Week 2 -- Variability

Week 2 -- Variability - NUMERICAL DESCRIPTIVE STATISTICS...

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NUMERICAL NUMERICAL DESCRIPTIVE STATISTICS DESCRIPTIVE STATISTICS Measures of Variability Measures of Variability
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Another Description of the Data -- Variability For Data Set A below, the mean of the 10 observations is 2.60. SET A: 4,2,3,3,2,2,1,4,3,2 But each of the following two data sets with 10 observations also has a mean of 2.60 SET B: 2,2,2,2,3,3,3,3,3,3 SET C: 0,0,1,1,4,4,4,4,4,4 Although sets A, B, and C all have the same mean, the “spread” of the data differs from set to set.
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The “Spread” of the Data Grades 0 1 2 3 4 5 0 1 2 3 4 Data Set A Grades 0 2 4 6 8 0 1 2 3 4 Data Set B Grades 0 2 4 6 8 0 1 2 3 4 Data Set C Most “spread” Least “spread”
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Numerical Data Numerical Data Properties Mean Median Mode Central Tendency Range Variance Standard Deviation Variation Percentiles Relative Standing Interquartile Range Z–scores
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Measures of Variability Population Variance σ 2 ; Standard Deviation σ Sample Range Variance s 2 ; Standard Deviation s
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The Range When we are talking about a sample, the range is the difference between the highest and lowest observation In the sample there were some A’s (4’s), and the lowest value in the sample was a D (1) Sample range = 4 - 1 = 3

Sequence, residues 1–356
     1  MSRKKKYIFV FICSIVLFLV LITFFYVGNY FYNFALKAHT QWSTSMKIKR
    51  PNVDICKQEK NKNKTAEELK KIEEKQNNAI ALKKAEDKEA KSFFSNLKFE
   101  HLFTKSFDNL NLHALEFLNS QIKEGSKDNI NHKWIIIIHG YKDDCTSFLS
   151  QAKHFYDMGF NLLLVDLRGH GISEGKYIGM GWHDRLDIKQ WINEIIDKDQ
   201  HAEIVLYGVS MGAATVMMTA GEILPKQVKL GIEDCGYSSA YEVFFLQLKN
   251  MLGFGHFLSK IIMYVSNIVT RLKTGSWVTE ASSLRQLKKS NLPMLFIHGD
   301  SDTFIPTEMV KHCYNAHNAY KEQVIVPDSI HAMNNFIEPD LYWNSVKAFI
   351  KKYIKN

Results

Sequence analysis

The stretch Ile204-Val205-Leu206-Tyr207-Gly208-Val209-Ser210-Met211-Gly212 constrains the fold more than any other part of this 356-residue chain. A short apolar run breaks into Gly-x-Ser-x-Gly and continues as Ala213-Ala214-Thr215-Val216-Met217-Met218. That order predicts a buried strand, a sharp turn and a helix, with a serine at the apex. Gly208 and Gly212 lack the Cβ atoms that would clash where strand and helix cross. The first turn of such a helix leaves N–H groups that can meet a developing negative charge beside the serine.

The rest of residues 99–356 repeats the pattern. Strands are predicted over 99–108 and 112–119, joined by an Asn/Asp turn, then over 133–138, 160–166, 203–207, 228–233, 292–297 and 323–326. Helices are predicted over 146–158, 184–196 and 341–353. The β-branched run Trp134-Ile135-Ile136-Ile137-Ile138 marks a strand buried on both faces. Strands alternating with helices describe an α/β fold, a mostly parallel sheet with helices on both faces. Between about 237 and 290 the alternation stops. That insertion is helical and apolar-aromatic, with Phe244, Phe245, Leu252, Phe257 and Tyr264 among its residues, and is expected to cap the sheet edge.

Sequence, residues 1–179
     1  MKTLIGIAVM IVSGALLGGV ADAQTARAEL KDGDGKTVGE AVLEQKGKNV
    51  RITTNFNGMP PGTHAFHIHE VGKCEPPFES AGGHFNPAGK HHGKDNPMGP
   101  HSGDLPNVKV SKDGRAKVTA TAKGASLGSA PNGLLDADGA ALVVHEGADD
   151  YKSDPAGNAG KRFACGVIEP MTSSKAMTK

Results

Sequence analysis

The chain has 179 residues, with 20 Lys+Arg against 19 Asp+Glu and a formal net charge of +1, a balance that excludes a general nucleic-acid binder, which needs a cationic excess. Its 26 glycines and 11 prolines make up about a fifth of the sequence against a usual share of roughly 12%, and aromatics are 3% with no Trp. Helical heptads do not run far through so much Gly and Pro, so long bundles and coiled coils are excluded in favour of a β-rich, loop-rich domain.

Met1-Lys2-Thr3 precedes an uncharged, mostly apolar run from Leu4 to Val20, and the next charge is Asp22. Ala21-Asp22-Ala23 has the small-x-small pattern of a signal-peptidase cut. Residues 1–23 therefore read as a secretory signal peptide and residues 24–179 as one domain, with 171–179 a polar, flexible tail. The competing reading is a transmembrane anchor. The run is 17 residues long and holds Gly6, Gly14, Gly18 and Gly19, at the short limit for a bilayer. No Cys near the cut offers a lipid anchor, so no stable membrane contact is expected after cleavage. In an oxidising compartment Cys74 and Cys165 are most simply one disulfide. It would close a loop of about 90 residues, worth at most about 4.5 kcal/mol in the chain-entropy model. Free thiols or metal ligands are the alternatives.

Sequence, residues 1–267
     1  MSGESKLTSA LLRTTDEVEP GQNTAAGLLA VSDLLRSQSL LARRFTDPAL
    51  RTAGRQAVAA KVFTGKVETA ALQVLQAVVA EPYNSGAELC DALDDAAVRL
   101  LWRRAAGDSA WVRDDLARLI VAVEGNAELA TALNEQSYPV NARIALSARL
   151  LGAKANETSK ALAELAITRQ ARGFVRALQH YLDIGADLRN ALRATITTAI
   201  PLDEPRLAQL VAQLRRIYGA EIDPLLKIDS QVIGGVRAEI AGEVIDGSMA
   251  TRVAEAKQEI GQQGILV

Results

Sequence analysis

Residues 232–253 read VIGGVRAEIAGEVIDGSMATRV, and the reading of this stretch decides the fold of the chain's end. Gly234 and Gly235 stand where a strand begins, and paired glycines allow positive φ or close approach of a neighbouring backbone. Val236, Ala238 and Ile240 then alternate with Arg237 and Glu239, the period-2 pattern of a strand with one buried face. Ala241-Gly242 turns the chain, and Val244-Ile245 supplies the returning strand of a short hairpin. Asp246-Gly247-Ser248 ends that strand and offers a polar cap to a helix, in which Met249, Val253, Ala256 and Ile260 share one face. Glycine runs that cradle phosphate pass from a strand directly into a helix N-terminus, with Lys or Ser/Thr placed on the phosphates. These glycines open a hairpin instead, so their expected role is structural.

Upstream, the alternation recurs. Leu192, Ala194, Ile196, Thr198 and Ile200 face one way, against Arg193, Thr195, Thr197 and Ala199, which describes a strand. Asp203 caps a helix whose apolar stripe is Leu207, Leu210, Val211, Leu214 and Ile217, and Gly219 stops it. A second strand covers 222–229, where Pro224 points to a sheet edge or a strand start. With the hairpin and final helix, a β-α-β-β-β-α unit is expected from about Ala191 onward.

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Range 1. Measure of dispersion 2. Difference between largest & smallest observations Range = X largest – X smallest 3. Ignores how data are distributed 7 7 8 8 9 9 10 10 7 7 8 8 9 9 10 10 Range = 10 – 7 = 3 Range = 10 – 7 = 3
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Another Approach to Variability The range only takes into account the two most extreme values A better approach Look at the variability of all the data In some sense find the “average” deviation from the mean The value of an observation minus the mean can be positive or negative The plusses and minuses cancel each other out giving an average value of 0 Need another measure
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Week 2 -- Variability - NUMERICAL DESCRIPTIVE STATISTICS...

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